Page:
It's all about finding what works for both you and your DC though and as such I'd be wary of splurging on a btp pack and then finding it wasn't working for us.

sarah293 Sun 17-Aug-08 13:56:38

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misdee Sun 17-Aug-08 14:07:37

i have spent £20 on nappy items for dc4. (i gt rid off all the nappies once dd3 was potty trained as wasnt expecting to have aother child).

sisters and friends have given things inc nappies, wraps, nippas.

al i have bought i a few extra nippas, 4 wraps (ere on BOGOF £4 for 2 at local shop) and some muslin squres for the early days.

i love plain terry squares as much as shaped nappies, purely because they are versatile and quick drying.

ilovemydog Sun 17-Aug-08 14:49:54

Best advertisement for real diapers. Bought 25 when DD was 3 weeks old. They lasted until she was about 20 lbs, and then used them for DS. And managed to sell them for over a third of what I paid for them... smile

Oh, and minus the 30.00 Bristol City Council put in as part of the real nappy scheme

peanutbutterkid Sun 17-Aug-08 17:26:25

DS1 was out of nappies day and night before 2.5yo, LackaDaisy, I know I was lucky with the nights with him, but my others were out of nappies in daytime even younger. Fiver week for just over 2 years, allowing for money off coupons and willingness to use the budget line nappies, it would have been ~ £420.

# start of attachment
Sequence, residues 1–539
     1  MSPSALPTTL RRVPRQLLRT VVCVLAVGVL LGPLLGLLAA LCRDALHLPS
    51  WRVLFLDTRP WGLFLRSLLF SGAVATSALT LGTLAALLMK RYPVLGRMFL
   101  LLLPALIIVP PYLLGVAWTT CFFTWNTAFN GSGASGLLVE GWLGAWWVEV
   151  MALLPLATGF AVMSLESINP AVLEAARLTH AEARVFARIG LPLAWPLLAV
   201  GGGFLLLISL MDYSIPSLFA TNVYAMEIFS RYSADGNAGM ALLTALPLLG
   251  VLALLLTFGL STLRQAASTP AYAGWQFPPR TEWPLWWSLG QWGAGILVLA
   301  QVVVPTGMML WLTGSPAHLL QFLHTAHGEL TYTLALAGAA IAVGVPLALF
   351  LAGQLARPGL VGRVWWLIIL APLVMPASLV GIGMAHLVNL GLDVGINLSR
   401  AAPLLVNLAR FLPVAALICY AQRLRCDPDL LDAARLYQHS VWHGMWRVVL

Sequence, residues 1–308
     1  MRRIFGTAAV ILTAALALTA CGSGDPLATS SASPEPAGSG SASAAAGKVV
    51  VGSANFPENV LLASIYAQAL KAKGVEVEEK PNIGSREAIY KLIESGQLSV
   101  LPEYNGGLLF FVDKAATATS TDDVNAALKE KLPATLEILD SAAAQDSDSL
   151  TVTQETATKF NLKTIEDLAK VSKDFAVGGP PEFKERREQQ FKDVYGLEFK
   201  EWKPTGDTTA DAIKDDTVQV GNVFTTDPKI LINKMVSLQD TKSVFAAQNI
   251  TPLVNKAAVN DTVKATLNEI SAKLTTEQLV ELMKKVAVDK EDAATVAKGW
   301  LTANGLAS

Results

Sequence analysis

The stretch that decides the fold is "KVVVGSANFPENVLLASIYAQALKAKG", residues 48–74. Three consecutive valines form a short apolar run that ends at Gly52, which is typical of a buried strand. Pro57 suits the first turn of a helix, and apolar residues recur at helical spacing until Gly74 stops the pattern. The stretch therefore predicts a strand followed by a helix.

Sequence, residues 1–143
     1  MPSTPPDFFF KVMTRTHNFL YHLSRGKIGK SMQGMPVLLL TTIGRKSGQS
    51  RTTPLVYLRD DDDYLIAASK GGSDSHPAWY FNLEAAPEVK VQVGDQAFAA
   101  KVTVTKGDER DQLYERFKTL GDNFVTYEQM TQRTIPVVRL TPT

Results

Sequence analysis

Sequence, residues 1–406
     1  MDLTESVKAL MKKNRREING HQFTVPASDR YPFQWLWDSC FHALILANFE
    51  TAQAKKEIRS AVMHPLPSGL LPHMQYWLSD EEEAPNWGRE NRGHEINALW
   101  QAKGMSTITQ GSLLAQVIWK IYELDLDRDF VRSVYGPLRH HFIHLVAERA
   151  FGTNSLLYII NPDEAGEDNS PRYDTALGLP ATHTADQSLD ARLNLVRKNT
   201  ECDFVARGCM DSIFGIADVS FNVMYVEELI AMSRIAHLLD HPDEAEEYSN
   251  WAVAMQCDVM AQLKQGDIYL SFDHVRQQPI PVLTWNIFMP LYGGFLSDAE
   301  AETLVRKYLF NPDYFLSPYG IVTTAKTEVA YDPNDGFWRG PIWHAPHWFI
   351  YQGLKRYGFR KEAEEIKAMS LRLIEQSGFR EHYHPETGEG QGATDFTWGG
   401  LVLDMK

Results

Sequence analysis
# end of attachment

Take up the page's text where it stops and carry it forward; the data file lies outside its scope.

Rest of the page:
LackaDAISYcal Sun 17-Aug-08 18:46:34

ah, that makes more sense pbkid. My 6yo DS was in nappies till he was past three and is only recently out of nighttime pj pants so we have had an extra £4 a week for those for aaaaaaages.

peanutbutterkid Sun 17-Aug-08 20:21:15

Ah, yes, well my others have been in nappies at night past their 4th birthday, too. grin.
We got some old towels off of freecycle to use as nighttime nappies for the 'children'.

theauthor Sun 17-Aug-08 21:05:00

Lacka - we calculated around £550 to 600 for disposables in our book (about baby products - I won't mention the name or I might get in trouble wink)
For eco-disposables it came out at £600 to £800 depending on the brand.
Iirc we used the 'average age for a child to be fully potty trained' from some research as the end point.